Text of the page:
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Faced with rising crime and increased racketeering activity, intrepid newspaper editor Britt Reid becomes the crime fighter the Green Hornet. Donning a disguise, the Hornet and his brilliant Korean inventor/sidekick Kato fight an infamous racket that's menacing their city. Written by
Jeremy Lunt <email@example.com>
When the actions of Japanese Prime Minisger Hideki Tojo, et. al., made the concept of a Japanese hero--even as a sidekick--box-office poison, Kato was quickly changed from Japanese to Filipino by the producers of the original radio show. Hollywood apparently had greater foresight, however, and herein made him a Korean. See more »
'Black Beauty' is driven forward into the secret garage. Ensuing shots when driven out of the garage, it is facing outwards. See more »
The Lone Ranger's great-nephew replaced Silver with a Black Beauty.
The character of The Green Hornet first appeared on WXYZ radio, Detroit, Michigan on January 31, 1936, and was created by station program manager/co-owner George W. Trendle (who also created The Lone Ranger) and, was like that station's Lone Ranger, primarily written by Fran Striker, at least in the early years of both programs. And Trendle's creation from the word go, but Striker was the one who came up with the gas gun and "Black Beauty."
Trendle created Britt Reid/The Green Hornet as the son of Dan Reid, the boy who called The Lone Ranger uncle. (Actually, Dan Reid was a Junior as his father was Dan Reid the first, a Texas Ranger Captain who was killed in the ambush at Bryant's Gap, by the Butch Cavendish gang, along with the rest of his Texas Ranger troop, with the sole exception of his younger brother John Reid, who became The Lone Ranger. Dang right, The Lone Ranger had a name.)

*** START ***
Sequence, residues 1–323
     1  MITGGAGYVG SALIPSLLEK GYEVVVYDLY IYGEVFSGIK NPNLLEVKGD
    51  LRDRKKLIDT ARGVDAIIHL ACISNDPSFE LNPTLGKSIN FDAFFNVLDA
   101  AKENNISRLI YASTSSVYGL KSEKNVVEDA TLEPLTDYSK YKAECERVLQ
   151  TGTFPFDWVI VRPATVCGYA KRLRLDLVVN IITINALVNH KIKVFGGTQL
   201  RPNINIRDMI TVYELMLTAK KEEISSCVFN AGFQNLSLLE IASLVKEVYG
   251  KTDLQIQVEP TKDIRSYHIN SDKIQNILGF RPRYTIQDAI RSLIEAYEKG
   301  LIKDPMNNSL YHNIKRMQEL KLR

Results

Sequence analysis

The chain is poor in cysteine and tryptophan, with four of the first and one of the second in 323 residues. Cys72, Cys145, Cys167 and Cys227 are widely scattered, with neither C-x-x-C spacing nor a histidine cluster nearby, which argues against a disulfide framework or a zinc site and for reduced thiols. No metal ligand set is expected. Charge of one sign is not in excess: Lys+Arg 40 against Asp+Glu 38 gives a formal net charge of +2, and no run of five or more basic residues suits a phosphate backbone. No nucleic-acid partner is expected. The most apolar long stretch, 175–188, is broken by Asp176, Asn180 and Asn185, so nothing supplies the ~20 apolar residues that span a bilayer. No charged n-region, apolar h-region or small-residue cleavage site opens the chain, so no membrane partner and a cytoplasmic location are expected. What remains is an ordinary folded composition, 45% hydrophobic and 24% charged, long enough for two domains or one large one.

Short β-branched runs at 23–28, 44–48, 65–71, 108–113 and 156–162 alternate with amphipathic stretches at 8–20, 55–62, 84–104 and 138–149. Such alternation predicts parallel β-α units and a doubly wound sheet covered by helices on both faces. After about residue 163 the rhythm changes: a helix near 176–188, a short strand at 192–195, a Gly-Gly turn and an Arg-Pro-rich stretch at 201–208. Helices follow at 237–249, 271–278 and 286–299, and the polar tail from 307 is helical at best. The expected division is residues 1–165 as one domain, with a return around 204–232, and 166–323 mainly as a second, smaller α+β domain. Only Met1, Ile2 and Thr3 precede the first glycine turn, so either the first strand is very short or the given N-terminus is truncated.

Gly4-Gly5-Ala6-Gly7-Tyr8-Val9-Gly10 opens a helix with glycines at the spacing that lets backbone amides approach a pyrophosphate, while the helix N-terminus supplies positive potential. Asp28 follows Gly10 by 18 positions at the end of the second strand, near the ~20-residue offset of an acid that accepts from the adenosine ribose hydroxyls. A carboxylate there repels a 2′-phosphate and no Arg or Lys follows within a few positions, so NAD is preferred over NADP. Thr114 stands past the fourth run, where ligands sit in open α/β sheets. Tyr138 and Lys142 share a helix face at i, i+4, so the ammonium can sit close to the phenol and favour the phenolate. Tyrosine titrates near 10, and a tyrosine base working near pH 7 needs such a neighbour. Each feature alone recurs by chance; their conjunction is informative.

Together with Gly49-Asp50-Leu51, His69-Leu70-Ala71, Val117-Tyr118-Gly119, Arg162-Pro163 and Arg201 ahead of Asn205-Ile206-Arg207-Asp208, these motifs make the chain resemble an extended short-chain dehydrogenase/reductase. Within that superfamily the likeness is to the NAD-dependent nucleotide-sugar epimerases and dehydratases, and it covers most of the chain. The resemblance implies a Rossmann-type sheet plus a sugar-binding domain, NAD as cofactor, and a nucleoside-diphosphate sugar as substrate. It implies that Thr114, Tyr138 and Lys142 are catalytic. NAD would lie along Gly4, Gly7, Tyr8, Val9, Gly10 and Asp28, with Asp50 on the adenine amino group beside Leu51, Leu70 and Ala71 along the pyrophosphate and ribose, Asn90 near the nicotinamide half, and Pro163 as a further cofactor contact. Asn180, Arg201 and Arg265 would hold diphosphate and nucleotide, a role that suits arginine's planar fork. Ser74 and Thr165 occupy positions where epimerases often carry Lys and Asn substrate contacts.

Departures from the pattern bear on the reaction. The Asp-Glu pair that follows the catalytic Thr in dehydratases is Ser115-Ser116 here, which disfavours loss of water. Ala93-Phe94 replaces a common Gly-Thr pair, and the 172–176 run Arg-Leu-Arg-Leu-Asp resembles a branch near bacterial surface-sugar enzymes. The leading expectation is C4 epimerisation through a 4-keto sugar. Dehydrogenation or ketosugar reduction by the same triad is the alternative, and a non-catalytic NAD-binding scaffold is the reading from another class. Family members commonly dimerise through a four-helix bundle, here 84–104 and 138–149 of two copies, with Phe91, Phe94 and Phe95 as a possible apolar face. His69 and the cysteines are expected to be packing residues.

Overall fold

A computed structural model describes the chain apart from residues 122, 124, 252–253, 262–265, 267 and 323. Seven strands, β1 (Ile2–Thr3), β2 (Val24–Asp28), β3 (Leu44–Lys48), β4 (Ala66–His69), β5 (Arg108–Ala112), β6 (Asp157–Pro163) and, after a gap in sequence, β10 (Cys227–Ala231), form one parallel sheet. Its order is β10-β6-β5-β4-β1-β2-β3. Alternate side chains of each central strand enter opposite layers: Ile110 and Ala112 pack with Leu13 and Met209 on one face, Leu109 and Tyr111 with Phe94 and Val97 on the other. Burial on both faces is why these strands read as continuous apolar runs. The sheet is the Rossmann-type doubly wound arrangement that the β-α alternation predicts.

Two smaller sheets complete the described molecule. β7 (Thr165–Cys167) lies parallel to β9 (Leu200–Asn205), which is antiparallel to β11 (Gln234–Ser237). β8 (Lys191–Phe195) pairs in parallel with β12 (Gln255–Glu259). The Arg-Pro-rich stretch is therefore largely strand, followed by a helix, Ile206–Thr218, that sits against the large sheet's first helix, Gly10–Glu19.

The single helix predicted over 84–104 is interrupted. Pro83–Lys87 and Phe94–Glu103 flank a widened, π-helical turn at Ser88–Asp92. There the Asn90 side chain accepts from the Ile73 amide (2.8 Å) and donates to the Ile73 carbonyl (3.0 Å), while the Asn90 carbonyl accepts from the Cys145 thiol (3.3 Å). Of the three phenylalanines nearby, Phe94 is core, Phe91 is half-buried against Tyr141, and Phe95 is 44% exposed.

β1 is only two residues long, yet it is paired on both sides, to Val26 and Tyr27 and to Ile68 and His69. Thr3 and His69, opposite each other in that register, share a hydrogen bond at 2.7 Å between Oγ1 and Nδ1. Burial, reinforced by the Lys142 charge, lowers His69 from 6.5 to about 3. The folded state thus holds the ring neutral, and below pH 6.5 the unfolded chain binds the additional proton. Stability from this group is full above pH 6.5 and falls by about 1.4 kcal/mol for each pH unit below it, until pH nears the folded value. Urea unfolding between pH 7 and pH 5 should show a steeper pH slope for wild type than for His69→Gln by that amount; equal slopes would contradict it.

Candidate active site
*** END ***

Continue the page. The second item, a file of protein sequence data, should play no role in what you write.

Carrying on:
The Green Hornet, like his predecessor kinsman, fought crime wearing a mask; he carried a gas gun while Uncle Lone had a six-shooter and silver bullets; he drove the fastest car on radio, "Black Beauty", while his great-uncle rode Silver, the fastest (and whitest) horse on radio. The latter had Tonto, a native-American (and Indian on the radio) who had saved his life when his band of Texas Rangers were ambushed...while the Hornet's sidekick was Kato, a Filipino who doubled as his valet, and was a college graduate who knew all the secrets of Oriental in-fighting, a master chemist and he could drive "Black Beauty" anywhere, anytime at any speed. (One of the great non-true urban myths has it that Kato was introduced on the program as being Japanese, and had to change his country-of-origin in 1941 when the Japanese attacked Pearl Harbor. Not so. Kato was Filipino from day one in 1936 on the radio program. But it has been told so much---it started as an WWII joke with comedians---that only those who were there in 1936 or take the time to research the radio program and its scripts know it isn't true. Surprised somebody hasn't posted that myth on the IMDb site, somewhere.)